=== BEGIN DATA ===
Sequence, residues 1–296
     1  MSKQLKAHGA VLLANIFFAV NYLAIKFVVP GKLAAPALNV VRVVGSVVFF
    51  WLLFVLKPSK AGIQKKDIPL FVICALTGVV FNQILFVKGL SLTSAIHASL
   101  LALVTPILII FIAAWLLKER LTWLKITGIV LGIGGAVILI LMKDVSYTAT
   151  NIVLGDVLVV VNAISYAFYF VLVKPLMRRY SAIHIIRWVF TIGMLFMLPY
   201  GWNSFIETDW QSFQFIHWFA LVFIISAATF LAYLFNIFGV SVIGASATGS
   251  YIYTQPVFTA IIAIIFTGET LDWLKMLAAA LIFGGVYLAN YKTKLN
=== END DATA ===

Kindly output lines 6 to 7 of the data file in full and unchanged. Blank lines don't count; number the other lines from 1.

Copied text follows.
   201  GWNSFIETDW QSFQFIHWFA LVFIISAATF LAYLFNIFGV SVIGASATGS
   251  YIYTQPVFTA IIAIIFTGET LDWLKMLAAA LIFGGVYLAN YKTKLN